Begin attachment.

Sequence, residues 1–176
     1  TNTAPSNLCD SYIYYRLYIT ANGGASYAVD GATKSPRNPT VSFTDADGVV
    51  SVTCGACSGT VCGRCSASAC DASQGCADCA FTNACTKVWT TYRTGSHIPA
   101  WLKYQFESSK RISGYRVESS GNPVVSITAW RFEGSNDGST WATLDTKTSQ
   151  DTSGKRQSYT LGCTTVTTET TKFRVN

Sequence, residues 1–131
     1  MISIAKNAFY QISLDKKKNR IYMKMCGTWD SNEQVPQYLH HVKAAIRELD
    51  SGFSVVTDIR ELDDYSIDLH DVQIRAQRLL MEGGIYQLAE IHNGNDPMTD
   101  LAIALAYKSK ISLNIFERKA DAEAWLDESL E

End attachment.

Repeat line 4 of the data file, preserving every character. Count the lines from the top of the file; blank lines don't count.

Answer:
   101  WLKYQFESSK RISGYRVESS GNPVVSITAW RFEGSNDGST WATLDTKTSQ